UK retail sales bounced back in January as shoppers hit the high streets again, according to figures released on Friday by the Office for National Statistics.
Sales rose 1.9% following a 4% slump December, when Omicron took its toll. This was ahead of analyst expectations for a 1% increase and marked the strongest monthly jump since lockdown ended last Spring. It left sales volumes 3.6% above their pre-pandemic levels.
The data showed that non-food store sales rose 3.4% in January as home improvement sales volumes picked up, with increased sales in household goods and garden centres. Meanwhile, automotive fuel sales were up 4.1% following a 5% decline in December, when home working and lower retail footfall reduced travel.
Darren Morgan, director of economic statistics at the ONS, said: “After a sluggish December where the omicron wave had a significant impact, retail sales rebounded in January with their biggest monthly rise since the shops reopened last spring.
“It was a good month for garden centres, department and household goods stores, with particularly strong trading for furniture and lighting.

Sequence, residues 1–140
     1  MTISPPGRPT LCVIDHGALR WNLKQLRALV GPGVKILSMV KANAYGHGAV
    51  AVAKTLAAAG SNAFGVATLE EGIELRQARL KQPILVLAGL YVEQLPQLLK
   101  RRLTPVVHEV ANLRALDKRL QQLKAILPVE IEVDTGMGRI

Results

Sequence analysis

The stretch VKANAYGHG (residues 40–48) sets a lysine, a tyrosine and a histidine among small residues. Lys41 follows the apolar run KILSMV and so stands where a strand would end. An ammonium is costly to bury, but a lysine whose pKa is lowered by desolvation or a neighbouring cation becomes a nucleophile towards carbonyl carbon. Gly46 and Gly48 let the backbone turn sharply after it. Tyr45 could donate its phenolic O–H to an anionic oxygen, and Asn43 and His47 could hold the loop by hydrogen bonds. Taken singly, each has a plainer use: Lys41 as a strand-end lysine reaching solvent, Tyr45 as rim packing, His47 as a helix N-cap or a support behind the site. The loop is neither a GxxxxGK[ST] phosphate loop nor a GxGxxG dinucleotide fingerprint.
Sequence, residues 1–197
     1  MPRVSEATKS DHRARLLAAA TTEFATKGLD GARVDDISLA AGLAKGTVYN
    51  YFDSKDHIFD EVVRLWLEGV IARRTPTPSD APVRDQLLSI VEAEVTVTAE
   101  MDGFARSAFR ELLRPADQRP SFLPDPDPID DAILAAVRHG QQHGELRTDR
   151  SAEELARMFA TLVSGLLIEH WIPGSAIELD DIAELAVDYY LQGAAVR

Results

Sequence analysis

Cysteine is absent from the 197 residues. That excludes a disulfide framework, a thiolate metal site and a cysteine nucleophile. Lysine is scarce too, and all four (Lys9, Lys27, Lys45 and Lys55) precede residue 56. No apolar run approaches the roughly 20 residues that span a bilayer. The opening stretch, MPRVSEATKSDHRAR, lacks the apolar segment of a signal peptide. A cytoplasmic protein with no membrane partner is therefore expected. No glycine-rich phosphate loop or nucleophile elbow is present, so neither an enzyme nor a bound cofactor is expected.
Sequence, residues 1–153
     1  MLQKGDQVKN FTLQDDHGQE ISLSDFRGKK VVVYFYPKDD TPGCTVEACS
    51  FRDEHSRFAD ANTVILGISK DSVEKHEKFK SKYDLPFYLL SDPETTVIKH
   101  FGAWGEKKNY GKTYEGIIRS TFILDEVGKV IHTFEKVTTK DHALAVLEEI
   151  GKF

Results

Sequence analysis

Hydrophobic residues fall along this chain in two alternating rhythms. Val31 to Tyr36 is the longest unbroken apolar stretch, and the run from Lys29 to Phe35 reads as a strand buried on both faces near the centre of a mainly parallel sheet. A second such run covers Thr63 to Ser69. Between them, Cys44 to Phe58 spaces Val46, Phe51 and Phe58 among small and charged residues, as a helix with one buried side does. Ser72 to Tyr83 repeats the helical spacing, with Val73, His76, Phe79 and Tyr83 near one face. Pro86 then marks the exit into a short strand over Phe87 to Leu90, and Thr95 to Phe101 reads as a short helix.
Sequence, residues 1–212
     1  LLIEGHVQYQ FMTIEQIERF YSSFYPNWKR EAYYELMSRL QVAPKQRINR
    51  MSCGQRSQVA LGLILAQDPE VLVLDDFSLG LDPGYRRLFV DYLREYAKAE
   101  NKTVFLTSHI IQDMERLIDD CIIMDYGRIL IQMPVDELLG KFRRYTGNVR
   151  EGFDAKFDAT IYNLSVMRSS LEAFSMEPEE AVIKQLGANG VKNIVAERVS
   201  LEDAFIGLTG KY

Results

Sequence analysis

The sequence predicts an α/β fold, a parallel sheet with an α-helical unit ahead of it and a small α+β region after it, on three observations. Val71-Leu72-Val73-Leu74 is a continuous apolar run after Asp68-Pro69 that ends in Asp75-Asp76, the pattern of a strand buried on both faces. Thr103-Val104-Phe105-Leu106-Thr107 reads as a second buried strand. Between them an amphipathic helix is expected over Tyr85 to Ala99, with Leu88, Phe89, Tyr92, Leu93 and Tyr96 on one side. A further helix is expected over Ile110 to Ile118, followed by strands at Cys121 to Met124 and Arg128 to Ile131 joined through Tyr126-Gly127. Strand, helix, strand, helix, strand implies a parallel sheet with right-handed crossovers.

“Food sales fell below their pre-pandemic level for the first time, though, as more people returned to eating out and there was also anecdotal evidence suggesting higher demand for takeaways and meal-subscription kits.
“Following a rise in high street footfall towards the end of the month, the proportion of online sales dropped to its lowest level since March 2020, while an increase in road traffic helped push fuel sales up from December.”
Adam Hoyes, assistant economist at Capital Economics, said the solid rise in retail sales volumes in January adds to signs that the Omicron-induced hit to activity was smaller and shorter-lived than previously thought.
“Even so, the cost of living crisis means the outlook for retailers is anything but bright,” he said.
Data released earlier this week by the ONS showed that UK inflation hit 5.5% in January as consumer prices reached their highest level since 1992. This was up from 5.4% in December and compared to forecasts for an unchanged figure.
Earlier this month, the Bank of England said it expected inflation to peak at around 7.25% in April, when a 54% rise in regulated household energy bills will take effect.